Russell steps down from Doctor role

chris

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Doctor Who writer and executive producer Russell T Davies is stepping down from his role, the BBC confirmed.

Davies, who oversaw the relaunch of the sci-fi show on BBC1, is handing over the reins to Bafta award-winning writer Steven Moffatt, who has written for the show. Moffatt, born in 1961, previously applied for the job but was rejected - at the age of seven.

Davies said: "It's been a delight and an honour working with Steven, and I can't wait to see where his extraordinary imagination takes the Doctor. Best of all, I get to be a viewer again, watching on a Saturday night."

Moffatt has just written the screenplay for the Tintin film directed by Steven Spielberg. He was previously known for writing such popular and highly-acclaimed shows as Press Gang, and Coupling, and in 2007 adapted the classic Dr Jekyll and Mr Hyde story for the BBC as Jekyll.

The writer, who will pen the fifth series of Doctor Who for broadcast in 2010, joked: "My entire career has been a secret plan to get this job. I applied before but I got knocked back cos the BBC wanted someone else. Also, I was seven. Anyway, I'm glad the BBC has finally seen the light".

BBC Fiction Controller Jane Tranter said: "The past four series have been brilliantly helmed by the spectacularly talented Russell T Davies.

"As lead writer and executive producer, he has overseen the creative direction and detail of the 21st century relaunch of Doctor Who and we are delighted to have his continued presence on the specials over the next 18 months.

"But the challenge and excitement of the fifth series is now being handed to Steven Moffat. The Tardis couldn't be in safer hands... Steven has a wonderful mix of being a committed Doctor Who fan and a true artist, and his plans for the next series are totally thrilling."

Two of Moffat's Doctor Who stories have won the Hugo, one of the science fiction world's major awards.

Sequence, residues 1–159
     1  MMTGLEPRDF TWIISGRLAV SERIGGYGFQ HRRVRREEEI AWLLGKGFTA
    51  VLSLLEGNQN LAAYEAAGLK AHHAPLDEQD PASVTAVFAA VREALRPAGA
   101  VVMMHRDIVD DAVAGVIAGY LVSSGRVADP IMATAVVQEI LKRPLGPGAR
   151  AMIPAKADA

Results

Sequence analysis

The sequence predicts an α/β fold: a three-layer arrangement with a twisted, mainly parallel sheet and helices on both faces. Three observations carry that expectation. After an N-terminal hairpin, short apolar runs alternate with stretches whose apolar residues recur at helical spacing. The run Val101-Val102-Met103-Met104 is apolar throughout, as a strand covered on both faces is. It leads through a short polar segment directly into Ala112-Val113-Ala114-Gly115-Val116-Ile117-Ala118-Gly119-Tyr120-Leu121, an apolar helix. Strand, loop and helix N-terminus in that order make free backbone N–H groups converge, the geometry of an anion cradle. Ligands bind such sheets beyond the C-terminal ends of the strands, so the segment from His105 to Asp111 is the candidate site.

Doctor Who returns in 2009 with four specials.


source: The Press Association
 
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BAFTA-award winning writer Steven Moffat is to succeed Russell T Davies as the lead writer and producer of Dr Who, the BBC has announced.

Mr Moffat will pen the fifth series of the cult show, which will be broadcast on the BBC in 2010.

The Hugo Award-winning writer has already penned some of the series’ most acclaimed episodes, including “Blink” with its weeping angels, for which he won the Bafta Writer Award 2008.

“My entire career has been a secret plan to get this job,” he said.

“I applied before but I got knocked back cos (sic) the BBC wanted someone else. Also I was seven.

“Anyway, I’m glad the BBC has finally seen the light, and it’s a huge honour to be following Russell into the best – and the toughest – job in television.

“I say ‘toughest’ cos Russell's at my window right now, pointing and laughing.”

Russell T Davies said: “It’s been a delight and an honour working with Steven, and I can’t wait to see where his extraordinary imagination takes the Doctor.

“Best of all, I get to be a viewer again, watching on a Saturday night!”

Elaine Penn, features editor at TV Choice, said there had been industry rumours for some time that Davies’ work on the show would be coming to an end.

“Russell had said in the past that he would go,” she said. The whole team had announced they were going to be standing down, including the main producers.

“It seems to be that they’ve all felt that, it’s not necessarily run its course, but they don’t want to continue with it because it might overstep the mark or be too much of a good thing.”

For the current series, Moffat, whose career began with the ITV children’s drama Press Gang in 1989, for which he won his first Bafta, has written Silence in the Library, a two-parter starring Alex Kingston which transmits on May 31.

His previous work on Doctor Who includes The Girl in the Fireplace for Series Two, which earned him his second Hugo Award. His first was for the Series One two-parter The Empty Child, which became famous for its terrifying refrain “are you my mummy?”

Menna Richards, controller of BBC Wales, said: “BBC Wales is very proud of Doctor Who’s phenomenal success. Steven Moffat is an extraordinary talent and we are very much looking forward to him joining the Doctor Who team.”

Source: IC Wales
 
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Kudos to Mr Davies for bringing back a series from the dead, giving kids the willies before bedtime once again.

Steven Moffat must surely go down as one of the greatest writers of this era, comedy/drama/and Sci-Fi.And to get them on the medium of TV takes some doing.

Coupling is probably my favourite series of his, but Blink really did show his genius of packing a complete story with unknown persons/monsters into under an hour.
 
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Just seen this interview with Christopher Eccleston, putting the blame for his departure on the trio.

 
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